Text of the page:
2018 High Value Health Care Awards Finalists

The High Value Health Care Awards reinforces our focus on High Value Health Care and ensures we recognise work that accomplishes the Triple Aim of meeting population health needs at the highest quality and lowest cost per capita.

 

Patients as Partners

Recognising that patients are partners in their health care, this award aims to acknowledge projects/programs which promote collaboration between the patient and the health care team to improve health.


GP Case Conferencing- the impact on patient engagement – Lead: Michelle Kriss

A case conferencing approach involving Hunter New England Health specialists, patients and their GPs is showing increased skills, confidence and knowledge in self-management for type 2 diabetes patients. Improved outcomes have especially been seen in patients that were previously disengaged and overwhelmed (95% improvement) and those still struggling to manage their disease (63%). The approach was developed as part of the Diabetes Alliance Integration Initiative and saw visiting endocrinologists and diabetes educators participate in case conferences at an initial 53 participating GP practices. Patients are partners from the outset, participating in the development of management plans as well as completing surveys prior to each appointment to track their own progress and measure improvement.


Tracheostomy Review and Care Team (TRAC team) – Lead: Linda Liversidge

Calvary Mater Newcastle’s TRAC team was developed to better support and empower head and neck cancer patients to better manage their at home care and avoid admission to hospital. The small, specialist team have developed tailored interventions, education and supports for patients who are undergoing post-surgery radiation treatment. This has in turn reduced hospitalisations and the length of stay for those patients who do need to return to hospital. The latter fell from an average of 55 days in 2015 to 14 days in 2017 – despite a three-fold increase in the number of patients.


Mental Health Consumer Participation Unit – Lead: Elizabeth Newton

The Mental Health Consumer Participation Unit is recognised by peers around NSW as a standout example of contemporary good practice and of genuine, purposeful and meaningful consumer partnership. The unit recruits, trains and supports independent consumers and carers with lived experience of mental health to collaborate with managers and staff in a range of activities including strategic and operational planning, quality improvement and service redesign, governance and reform projects. Consumers are given a “seat at the table” in decision making that affects their lives. The result is services that are increasingly designed and delivered with the needs of mental health consumers in mind and that support a culture of respect, openness and transparency.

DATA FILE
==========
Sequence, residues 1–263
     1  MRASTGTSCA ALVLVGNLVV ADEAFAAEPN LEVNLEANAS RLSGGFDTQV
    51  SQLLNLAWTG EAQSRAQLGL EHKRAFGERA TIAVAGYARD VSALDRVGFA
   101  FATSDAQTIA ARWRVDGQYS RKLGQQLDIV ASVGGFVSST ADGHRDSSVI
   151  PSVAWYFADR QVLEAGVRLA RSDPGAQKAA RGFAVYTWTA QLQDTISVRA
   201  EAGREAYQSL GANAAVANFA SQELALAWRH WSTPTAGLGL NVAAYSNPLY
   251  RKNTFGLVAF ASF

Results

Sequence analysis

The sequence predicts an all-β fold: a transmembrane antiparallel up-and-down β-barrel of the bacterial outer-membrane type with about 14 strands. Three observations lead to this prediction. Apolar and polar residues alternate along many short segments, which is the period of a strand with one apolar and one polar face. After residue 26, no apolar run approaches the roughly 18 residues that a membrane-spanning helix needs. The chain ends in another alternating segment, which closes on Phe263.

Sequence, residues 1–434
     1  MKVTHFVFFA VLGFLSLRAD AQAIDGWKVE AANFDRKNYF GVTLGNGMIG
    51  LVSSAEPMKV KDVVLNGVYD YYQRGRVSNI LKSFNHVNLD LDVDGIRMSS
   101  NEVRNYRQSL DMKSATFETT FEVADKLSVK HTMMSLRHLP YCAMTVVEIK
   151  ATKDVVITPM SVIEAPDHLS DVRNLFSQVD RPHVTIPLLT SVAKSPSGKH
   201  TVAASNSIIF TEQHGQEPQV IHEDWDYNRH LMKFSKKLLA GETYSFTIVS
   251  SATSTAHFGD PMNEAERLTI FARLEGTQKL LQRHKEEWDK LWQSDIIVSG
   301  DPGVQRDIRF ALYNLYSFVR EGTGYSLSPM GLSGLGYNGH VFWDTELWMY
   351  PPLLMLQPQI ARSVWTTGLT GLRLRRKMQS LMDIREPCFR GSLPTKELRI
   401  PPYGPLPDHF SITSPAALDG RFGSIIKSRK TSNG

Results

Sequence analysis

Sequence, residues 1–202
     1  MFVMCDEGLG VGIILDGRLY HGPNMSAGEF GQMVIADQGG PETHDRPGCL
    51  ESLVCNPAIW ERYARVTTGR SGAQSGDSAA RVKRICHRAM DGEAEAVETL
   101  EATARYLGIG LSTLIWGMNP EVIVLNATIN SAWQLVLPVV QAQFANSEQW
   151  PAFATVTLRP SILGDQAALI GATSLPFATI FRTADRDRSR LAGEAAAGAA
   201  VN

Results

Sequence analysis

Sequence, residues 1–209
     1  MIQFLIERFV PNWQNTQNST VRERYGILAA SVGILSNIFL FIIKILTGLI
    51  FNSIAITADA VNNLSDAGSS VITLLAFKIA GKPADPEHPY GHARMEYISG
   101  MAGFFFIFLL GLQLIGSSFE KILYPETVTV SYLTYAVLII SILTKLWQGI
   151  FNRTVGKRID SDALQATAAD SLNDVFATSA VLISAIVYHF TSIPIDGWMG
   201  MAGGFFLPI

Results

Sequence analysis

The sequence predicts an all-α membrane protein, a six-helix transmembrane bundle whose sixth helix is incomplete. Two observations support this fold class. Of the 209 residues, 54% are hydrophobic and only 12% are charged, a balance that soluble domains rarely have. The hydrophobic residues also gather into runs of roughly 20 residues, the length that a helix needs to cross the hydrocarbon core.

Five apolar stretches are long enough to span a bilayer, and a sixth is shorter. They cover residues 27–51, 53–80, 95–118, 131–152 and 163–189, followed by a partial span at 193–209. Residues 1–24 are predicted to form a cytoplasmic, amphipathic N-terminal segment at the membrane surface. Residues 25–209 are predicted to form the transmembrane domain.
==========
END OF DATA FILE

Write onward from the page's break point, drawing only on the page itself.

Delivering Integrated Care

This award recognises integrated systems that deliver truly connected care, using the correct information and analytics to inform this integration.


Improving Access to JHH Neurosurgery Outpatient Service – Lead: Bridie Ingham

The John Hunter Hospital (JHH) Neurosurgery Outpatient Service receives around 60 referrals per week from Newcastle and as far north as the Queensland border, so ensuring timely access is challenging. A redesign initiative was put in place to ensure better patient access and reduce waiting times. The initiative included several innovative strategies involving multiple services with the aim to improve the care provided to patients referred to and already on the JHH Neurosurgery Outpatient wait list. Over the past two years, the number of patients awaiting a scheduled appointment has reduced by 71% making it one of the most improved outpatient services across the facility. These improvements have been sustained for over eight months.


Connecting Corrections – Lead: Jenny Rutherford

The signing of a Memorandum of Understanding (MOU), enabling the provision of telehealth services between Hunter New England Local Health District (HNELHD) and Justice Health & Forensic Mental Health Network (JH&FMHN) in 2017 has created a new and innovative partnership. This project, initiated by JHH outpatient clinic nursing staff, recognises the challenges with providing specialist services to inmates of correctional facilities. Partnerships between outpatient clinics, HNE IT and Justice Health staff at Cessnock Maximum Correctional Centre, allowed the formulation of an MOU, now signed and supported by Chief Executives of both organisations. The MOU enables telehealth connections between HNELHD and JH facilities, reducing financial and safety issues of transferring between facilities along with improving the health outcomes for these patients.